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After Hours with Willy Bo Richardson
Skot Foreman Gallery, Fabrica Art Walk

Photos of the paintings by Kim Richardson

Gallery photos by Daniel Osornio

Willy Bo Richardson (second from left) with, left to right,
his former painting students from Santa Fe University of Art and Design,
Sharon Nuñez, Mike Sutton and Andrea Ramirez;
and, friend from Mexico City, Cecilia Blasquez

What I need, and what the world needs is a load-stone that orients people towards what has staying power. What is consistent, is not the outer or inner phenomena we are fascinated by, but the unchanging mind itself. I represent that by essentially marrying myself to a mode of working. It's not a random choice, however. Gravity makes all objects and liquids fall to the center of the earth. These lines blur and travel along the arc of my body. The circle continues outside the canvas, and returns.

I find myself at a jumping point. I know this to be as a dream, and from here I lift off... I see vertical strokes as the last bastion of creativity in painting. It is not total freedom. It is the tension of knowing freedom is there and working with the limited structure that tethers us to this cycle. When I paint, I am aware of my condition, but I strive towards freedom. Little by little I cease from discursive action. Whenever restless thinking wanders out, I withdraw it once again, subdue it, and rest in what’s in front of me. I simply move from one stroke to the next, one color to the next.

It’s simple, but not easy.

The artist's painting student Sharon Nuñez with her partner Daniel Osornio,
@dan_osornio photographer, Brand Designer & cofounder of Satélite Design

Richardson signing copies of the Santa Fe Literary review, with his work on the cover

The paintings were not the answers. Aesthetically they were the questions themselves, including inner doubt and outer pressure, total expanse and possibility.

The artist, Skot Foreman and Memphis

The backend of Lokkal's Dr. David

I find myself absorbed, receptive and fascinated by the intricate craftsmanship, integrity and graphic elements of the pre-columbian arts, crafts and architecture on display at the National Museum of Anthropology in Mexico City. The collection is a central hub which radiates into constellations of nearly infinite artistic manifestations. I am in awe, in the same natural sense as when encountering a majestic mountain or body of water.

Textiles, ceramics, and craftsmanship found in doors and hardware; the colorful walls and murals... tree roots win against sidewalk slabs, like volcanoes emerging above clouds. The printmaking history and innovation of Oaxaca, muralist history and the contemporary graffiti... I ask myself, “Why am I here in Mexico? Why are my paintings in San Miguel de Allende? What do I have to offer?”

It seems that in relation to the vibrancy, I can offer space, reflection and contemplation. I suppose that’s why they call it an exchange. I am thirsty and in love with Mexico, and she is embracing.

Memphis ready to call it a night

Most of this text has been taken from the artist's statement at his website:


Skot Foreman was pleased to present an exhibition of new paintings by Willy Bo Richardson, the artist's first show in Mexico. In his new series "All Yours", Richardson explores new mediums and materials. Intensely hued waves, rays of light, passages of consonance and dissonance float on the toothless surface of yupo.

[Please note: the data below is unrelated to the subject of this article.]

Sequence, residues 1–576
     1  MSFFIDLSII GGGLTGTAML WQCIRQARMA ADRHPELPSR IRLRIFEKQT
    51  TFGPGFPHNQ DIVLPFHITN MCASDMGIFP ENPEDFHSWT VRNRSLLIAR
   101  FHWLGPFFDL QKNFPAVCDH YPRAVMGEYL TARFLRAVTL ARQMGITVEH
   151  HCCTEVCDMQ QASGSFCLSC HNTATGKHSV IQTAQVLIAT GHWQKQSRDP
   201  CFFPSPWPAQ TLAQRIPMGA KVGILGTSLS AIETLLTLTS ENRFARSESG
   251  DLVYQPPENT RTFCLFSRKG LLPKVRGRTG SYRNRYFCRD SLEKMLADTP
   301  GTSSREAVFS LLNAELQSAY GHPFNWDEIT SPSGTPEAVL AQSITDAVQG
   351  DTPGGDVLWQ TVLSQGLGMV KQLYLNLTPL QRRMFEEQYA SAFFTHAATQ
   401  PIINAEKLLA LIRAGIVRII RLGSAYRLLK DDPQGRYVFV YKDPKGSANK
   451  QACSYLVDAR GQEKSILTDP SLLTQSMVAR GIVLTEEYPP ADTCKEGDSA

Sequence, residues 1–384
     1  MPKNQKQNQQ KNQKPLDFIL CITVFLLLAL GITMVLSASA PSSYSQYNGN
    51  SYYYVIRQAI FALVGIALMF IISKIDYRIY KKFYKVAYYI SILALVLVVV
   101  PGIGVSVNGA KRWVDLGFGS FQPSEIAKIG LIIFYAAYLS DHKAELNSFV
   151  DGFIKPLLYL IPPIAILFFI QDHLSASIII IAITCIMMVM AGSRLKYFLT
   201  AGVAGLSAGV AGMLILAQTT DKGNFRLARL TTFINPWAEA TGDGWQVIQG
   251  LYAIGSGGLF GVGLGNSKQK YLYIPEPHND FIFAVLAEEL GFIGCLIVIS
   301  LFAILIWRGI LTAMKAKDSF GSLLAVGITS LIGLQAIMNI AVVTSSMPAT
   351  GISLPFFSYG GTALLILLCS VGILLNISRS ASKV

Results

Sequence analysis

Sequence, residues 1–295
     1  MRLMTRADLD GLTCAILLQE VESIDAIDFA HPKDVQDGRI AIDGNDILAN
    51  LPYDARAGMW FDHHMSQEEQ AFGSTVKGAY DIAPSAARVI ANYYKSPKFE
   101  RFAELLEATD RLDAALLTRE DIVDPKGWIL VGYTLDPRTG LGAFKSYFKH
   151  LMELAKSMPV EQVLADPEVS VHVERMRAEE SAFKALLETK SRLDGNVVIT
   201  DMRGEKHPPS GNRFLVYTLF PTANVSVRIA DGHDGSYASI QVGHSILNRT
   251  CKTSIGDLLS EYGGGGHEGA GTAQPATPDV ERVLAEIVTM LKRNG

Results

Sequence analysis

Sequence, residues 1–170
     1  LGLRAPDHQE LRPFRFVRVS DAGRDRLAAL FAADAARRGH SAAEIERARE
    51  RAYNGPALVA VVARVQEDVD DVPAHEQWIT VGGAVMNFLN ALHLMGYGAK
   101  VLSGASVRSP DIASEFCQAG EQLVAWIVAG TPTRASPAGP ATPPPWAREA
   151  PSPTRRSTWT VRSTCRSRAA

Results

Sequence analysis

Richardson's new expansive paintings explore the phenomena of light reflection and refraction, and simplified forms of atmospheric elements. Working in watercolor, gouache and acrylic, Richardson layers bands of color in space. In paintings like All Yours 13, the waves of color are pared down into undulating ripples of lilac, pink or blue, implying the constant movement of water as it seemingly changes color under the sky. In All Yours 15, the subtle, near monochromatic palette possesses an ethereal, emotional quality, implying the feeling of peace and calm right before dusk. Other paintings glow like rays of the sun splayed out in a pinwheel of vivid, colorful lines. Their prismatic colors seem to jump off the paper. Richardson states, "Water based media on yupo behaves like steam wafting through the air from a cup of tea. It yields unexpected and constantly changing results."

Richardson first fell in love with Mexico as a foreign exchange student in Oaxaca in 1990. He continues to feel at home in Oaxaca and Mexico City, and is fascinated by the rich cultural and artistic merits and history of Mexico. This will be the artist's first visit to San Miguel. Richardson taught painting and color theory at Santa Fe University of Art and Design from 2009-2016. He was fortunate to teach students in exchange from Universidad del Valle de México. He found their innate graphic sensibility to be totally inspiring and continues a creative dialogue with his former students to this day.

Willy Bo Richardson lives and works in Santa Fe, NM. He completed his MFA in Painting at Pratt Institute in 2000 and his BA in Studio Art at University of Texas at Austin in 1996. Richardson's work has been the subject of solo exhibitions at Richard Levy Gallery, New Mexico among others. His work has also been featured in numerous group exhibitions including 70 Years of Abstract Painting – Excerpts at Jason McCoy Gallery. The show assembled works by a selection of modern and contemporary painters, including Josef Albers, Hans Hofmann and Jackson Pollock. In 2012 he showed a body of work in the exhibition "Watercolors" at the Phillips de Pury headquarters in Chelsea New York. His work and vision was featured on the PBS weekly arts series ¡COLORES!. Public collections include the Albuquerque Museum. Richardson was awarded a residency at Tamarind Institute and was a SITE Santa Fe SPREAD finalist.

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